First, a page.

Every year at the Automattic all-company Grand Meetup, we each have to give a short presentation in front of our colleagues. This “flash talk” can be about anything at all – and it can be in any format we like, whether a more traditional talk with slides, a song, video, or interpretive dance: pretty much anything goes.
This year was my fourth Grand Meetup flash talk, and I decided I was finally ready to do something more personal. My past flash talks had been about growing garlic, the peculiarities of Quebec English, and foods from Quebec that everyone should try at least once… but this time would be different — it would be a story about me, my dad, and our hair.
I hope you like it.
Last year, my flash talk was on growing garlic. This year, I’m going to talk about growing hair.
Even before my birth, the subject of hair in my family was fraught with anxiety. You see, my dad Bob had an autoimmune condition called alopecia areata. By age six he’d already lost much of his hair.
He wore a hat constantly from 6 to 13 so the other kids wouldn’t bully him. They bullied him anyway; they knew what the hat must be hiding.
By 14 he began wearing a wig.
A pretty bad wig.
What had started out as alopecia areata was becoming alopecia universalis – as in hair loss everywhere. Eyebrows, eyelashes, leg hair, my dad was losing it all.
By his early twenties when he married my mom Ellie, he’d ditched the wig, and was attempting to pencil in the missing patches on his head instead.
Doctors didn’t know very much about alopecia back then – they don’t know much more today – but they thought there MIGHT be a genetic component, so my parents were understandably concerned this condition might be passed on to their kids.
So when their firstborn – me – came out with a small little head of dark hair, my folks were pretty relieved that I appeared to take after my mother in the hair department.
Still, my parents held their breath a bit as I grew older. Watching. Waiting.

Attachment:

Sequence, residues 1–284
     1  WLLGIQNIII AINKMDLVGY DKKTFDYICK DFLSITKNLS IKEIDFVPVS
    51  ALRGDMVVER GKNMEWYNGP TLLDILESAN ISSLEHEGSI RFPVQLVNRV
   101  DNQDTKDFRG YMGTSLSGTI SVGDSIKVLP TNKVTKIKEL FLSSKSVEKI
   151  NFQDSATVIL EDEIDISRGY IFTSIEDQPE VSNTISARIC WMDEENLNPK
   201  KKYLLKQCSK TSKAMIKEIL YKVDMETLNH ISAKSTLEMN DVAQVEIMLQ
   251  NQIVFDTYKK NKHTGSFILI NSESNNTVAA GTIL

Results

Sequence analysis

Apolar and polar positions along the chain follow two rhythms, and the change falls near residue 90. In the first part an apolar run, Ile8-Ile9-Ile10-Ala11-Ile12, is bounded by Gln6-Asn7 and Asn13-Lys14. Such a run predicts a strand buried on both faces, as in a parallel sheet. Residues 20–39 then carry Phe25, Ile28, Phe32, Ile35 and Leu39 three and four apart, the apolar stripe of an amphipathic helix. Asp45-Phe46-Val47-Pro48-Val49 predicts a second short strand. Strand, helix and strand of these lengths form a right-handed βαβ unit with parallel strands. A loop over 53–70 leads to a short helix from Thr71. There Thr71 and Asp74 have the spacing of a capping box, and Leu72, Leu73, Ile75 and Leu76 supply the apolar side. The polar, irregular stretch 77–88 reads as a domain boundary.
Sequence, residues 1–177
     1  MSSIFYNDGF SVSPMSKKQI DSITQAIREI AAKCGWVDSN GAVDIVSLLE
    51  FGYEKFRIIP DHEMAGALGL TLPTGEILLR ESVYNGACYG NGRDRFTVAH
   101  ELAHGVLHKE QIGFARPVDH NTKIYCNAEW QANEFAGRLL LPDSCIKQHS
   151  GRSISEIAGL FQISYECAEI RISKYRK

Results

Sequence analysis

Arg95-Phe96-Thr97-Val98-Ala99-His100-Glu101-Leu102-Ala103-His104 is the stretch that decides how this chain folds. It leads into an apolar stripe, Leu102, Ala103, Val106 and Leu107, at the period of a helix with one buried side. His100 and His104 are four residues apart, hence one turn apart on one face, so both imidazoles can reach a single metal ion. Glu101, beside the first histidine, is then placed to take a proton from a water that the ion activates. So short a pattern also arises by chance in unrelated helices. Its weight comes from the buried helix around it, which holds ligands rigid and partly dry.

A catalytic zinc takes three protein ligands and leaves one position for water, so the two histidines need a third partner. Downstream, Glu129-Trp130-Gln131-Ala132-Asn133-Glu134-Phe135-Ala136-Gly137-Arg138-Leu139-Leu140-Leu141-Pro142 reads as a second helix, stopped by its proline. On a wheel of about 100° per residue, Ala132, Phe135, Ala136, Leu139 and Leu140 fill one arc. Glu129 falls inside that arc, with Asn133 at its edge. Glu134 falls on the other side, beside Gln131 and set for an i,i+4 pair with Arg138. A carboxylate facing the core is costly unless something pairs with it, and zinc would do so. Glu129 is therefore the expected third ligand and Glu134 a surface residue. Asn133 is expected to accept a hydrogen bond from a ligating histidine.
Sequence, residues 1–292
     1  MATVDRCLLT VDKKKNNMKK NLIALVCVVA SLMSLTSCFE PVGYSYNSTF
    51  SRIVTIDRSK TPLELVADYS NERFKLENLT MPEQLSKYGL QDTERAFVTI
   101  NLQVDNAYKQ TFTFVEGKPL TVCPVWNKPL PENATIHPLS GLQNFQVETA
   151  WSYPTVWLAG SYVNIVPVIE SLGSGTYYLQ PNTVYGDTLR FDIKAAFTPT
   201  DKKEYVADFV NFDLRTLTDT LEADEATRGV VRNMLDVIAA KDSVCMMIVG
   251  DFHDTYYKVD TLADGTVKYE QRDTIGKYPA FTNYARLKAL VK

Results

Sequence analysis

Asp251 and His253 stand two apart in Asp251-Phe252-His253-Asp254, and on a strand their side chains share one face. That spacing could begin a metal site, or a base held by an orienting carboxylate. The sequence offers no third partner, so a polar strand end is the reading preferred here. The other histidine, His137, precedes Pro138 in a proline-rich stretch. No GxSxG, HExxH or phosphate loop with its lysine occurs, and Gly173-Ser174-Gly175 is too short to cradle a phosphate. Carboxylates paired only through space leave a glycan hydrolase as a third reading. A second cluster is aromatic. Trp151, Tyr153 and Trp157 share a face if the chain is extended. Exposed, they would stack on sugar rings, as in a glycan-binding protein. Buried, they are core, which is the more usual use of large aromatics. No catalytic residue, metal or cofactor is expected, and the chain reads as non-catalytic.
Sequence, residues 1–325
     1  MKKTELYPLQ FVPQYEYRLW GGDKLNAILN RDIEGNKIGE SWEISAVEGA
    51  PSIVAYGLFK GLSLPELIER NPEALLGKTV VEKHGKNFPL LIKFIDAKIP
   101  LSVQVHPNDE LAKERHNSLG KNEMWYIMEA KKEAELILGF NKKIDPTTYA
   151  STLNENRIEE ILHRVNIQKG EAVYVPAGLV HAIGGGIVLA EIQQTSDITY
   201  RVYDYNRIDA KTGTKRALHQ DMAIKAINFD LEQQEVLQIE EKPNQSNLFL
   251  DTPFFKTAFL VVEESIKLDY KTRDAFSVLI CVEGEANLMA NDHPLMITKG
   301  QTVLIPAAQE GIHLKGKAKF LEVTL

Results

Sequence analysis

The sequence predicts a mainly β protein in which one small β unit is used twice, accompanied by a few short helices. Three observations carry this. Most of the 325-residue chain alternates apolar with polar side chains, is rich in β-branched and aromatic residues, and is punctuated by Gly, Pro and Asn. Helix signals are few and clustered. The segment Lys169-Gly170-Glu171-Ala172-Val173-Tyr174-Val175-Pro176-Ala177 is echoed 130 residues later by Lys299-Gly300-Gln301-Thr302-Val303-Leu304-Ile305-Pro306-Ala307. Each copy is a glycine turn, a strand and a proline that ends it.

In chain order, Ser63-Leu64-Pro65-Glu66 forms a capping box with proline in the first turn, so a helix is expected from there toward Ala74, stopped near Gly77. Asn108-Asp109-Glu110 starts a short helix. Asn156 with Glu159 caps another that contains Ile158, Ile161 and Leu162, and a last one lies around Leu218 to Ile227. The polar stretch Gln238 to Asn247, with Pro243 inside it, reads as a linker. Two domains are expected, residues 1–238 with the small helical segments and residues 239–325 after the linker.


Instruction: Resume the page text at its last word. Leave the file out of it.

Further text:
The hair grew. And grew.
My dad stopped penciling in his head every day and eventually shaved off the last stubborn locks. They never grew back.
By the time I got to elementary school, it was clear that my thick, curly, unruly, hair was here to stay. My parents were very happy.
Ironically, I decided around that point I hated my frizz and wished I could just have straight hair, like the rest of my friends. My mom would blow-dry it for me in a vain attempt to turn tight curls into the straight hair I’d never have.
After certain really terrible haircuts – by hairdressers who hadn’t the faintest idea how to cut curly hair – I would go home feeling like I looked like Little Orphan Annie – but with MUCH less optimism.
After one particularly horrific haircut I professed to my mother quite earnestly that I needed to become a nun so I could hide my hair every day. Never mind that we were Jewish, that was just a detail. The Catholics needed nuns, surely something could be worked out.
When I got into acting, my hair took on a leading role.
Hair got big.
Hair got short.
I went through my own hat phase.
My yearbook photo was a big disappointment. I detested it so much I covered it up with a retake. This time, with a hat.
I went prematurely grey the summer I was 17. But it was just for a play.
As I got older, I gradually began to hate my hair less and less. Adolescent angst turned to adult apathy. It just didn’t matter so much anymore.
After meeting a cartoonist named Shane, he took a stab at drawing me. My hair had made an impact. You can see how he was trying to get it just right.
Five years later when we got married… he made this for our wedding cake
These days, my dad & I are both pretty accepting of our heads and our hair.
As I get older, grey hairs have come along. Real ones this time. I used to pull them out as they appeared, but in the wise words of a former hairdresser, “That’s probably not a good coping strategy.”
Will I dye my hair? Time will tell.
A few years back, a relative shared this picture of my great-grandmother Rose. I wouldn’t mind rocking the grey frizzy look as well as her someday.